THREAT ANALYSIS

Domestic Violent Extremists: U.S. Impacts from European Vehicle

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Michael Prasad

As part of a standard “SWOT” Analysis – the aspect of Domestic Violent Extremists (DVEs) is an important set of Threats that create Risks for any country’s Emergency Management practitioners. Emergency Managers, not just Law Enforcement, need to keep in mind their organization’s disaster readiness (resiliency) along the standard path of Protect/Prevent/Prepare, Respond, Recover and Mitigate – includes the adverse impacts that can be generated by these specific threats and others. Tools and techniques – along with the organization’s strengths of collaboration, coordination, cooperation and communication – to and from the military and civilian intelligence agencies can assist Emergency Management practitioners at all levels of government. It is crucial that Emergency Managers understand the risks of any threat – and the possibility of adverse impacts to not only the communities they serve, but their own workforce (inclusive of all incident command and control structures) and those of allied partners. The training, indoctrination, methodologies and tradecraft of Foreign Terrorist Organizations (FTO) can be seen in many of these DVE’s – whether they are directly influenced and/or sponsored (such as the Homegrown Violent Extremists or HVEs) or are indirectly studied and researched by the DVEs. There are obstacles to information sharing between the U.S. Intelligence community and state/local law enforcement agencies, most from the USA Patriot Act. Designation as terrorism may or may not bring additional benefits to threat Protection and Prevention (two elements of Disaster Readiness, for which Emergency Management practitioners are responsible for – outweighing the impacts to U.S. civil liberties.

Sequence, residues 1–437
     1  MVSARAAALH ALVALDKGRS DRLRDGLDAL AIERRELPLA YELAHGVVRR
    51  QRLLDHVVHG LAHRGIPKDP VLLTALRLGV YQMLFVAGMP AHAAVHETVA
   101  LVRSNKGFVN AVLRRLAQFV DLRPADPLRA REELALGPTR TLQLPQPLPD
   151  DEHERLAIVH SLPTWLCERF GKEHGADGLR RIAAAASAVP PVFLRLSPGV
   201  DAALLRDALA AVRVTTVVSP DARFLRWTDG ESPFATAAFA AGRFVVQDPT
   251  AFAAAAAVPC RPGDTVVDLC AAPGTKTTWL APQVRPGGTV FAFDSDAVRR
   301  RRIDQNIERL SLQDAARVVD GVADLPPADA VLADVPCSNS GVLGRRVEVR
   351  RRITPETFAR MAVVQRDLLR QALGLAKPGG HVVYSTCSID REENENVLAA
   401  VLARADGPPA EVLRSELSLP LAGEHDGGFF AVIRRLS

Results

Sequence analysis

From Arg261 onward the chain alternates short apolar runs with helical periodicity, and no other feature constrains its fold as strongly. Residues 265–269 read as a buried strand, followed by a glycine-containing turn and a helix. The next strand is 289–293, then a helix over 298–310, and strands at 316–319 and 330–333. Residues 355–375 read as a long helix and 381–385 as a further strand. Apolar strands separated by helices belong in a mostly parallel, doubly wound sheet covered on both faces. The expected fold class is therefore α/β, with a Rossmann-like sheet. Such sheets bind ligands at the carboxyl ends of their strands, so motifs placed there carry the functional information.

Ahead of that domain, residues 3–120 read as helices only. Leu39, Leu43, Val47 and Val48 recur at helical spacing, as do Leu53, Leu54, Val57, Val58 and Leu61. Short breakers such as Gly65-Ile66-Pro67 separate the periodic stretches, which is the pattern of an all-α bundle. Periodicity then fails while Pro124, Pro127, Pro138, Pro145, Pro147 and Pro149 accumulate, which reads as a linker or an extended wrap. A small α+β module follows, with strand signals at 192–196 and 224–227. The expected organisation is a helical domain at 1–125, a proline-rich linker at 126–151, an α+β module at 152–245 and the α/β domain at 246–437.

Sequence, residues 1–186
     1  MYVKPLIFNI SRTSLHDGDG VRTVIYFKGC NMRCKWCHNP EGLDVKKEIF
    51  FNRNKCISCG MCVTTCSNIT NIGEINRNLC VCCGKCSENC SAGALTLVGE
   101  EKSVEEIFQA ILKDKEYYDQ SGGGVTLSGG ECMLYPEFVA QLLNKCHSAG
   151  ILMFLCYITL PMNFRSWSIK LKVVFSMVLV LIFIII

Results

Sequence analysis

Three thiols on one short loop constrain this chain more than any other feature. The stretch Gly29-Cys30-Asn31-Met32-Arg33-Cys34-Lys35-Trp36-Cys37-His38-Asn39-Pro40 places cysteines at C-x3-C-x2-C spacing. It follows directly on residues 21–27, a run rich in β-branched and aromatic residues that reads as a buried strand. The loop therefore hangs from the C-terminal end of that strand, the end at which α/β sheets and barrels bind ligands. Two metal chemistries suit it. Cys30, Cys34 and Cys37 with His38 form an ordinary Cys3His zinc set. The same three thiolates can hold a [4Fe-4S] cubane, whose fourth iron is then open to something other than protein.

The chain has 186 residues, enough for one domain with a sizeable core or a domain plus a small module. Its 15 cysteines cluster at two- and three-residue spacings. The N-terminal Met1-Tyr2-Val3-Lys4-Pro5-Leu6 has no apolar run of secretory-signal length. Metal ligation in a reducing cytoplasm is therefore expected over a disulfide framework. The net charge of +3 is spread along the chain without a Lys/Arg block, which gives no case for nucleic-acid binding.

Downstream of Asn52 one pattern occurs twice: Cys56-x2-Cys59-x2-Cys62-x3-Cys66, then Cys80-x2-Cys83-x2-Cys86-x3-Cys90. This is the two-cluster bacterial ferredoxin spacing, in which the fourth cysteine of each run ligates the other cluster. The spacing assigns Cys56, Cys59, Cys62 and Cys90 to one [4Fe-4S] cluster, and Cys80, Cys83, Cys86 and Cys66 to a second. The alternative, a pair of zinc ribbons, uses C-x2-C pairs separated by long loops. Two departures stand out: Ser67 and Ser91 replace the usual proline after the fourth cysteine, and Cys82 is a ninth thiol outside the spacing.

Using the experience and knowledge from historical DVE attacks in Europe by means of Vehicle Ramming Attacks (VRAs), can assist Emergency Management practitioners (not just Law Enforcement Officials) with Protection and Prevention missions. This Intelligence is also applicable to the Response Phase Incident Action Planning, to Unified Command for continuous Situational Awareness.

European DVE Attack Method: Vehicle Ramming Attacks on soft targets and crowded places

Europe has experienced an increasing number of Vehicle Ramming Attacks (VRAs) (also known as Vehicle-Borne Attacks or VBAs) in the last five years. In many countries where the access to deadly weapons of mass destruction (i.e., high-capacity guns, explosives, etc.) is significantly restricted, access to large vehicles requires minimal capability on the part of the attacker. These attacks can and do have significant impacts to crowded places, especially those “soft targets” with low levels of physical security protection and prevention barriers. VRAs are complicated, complex and chaotic incidents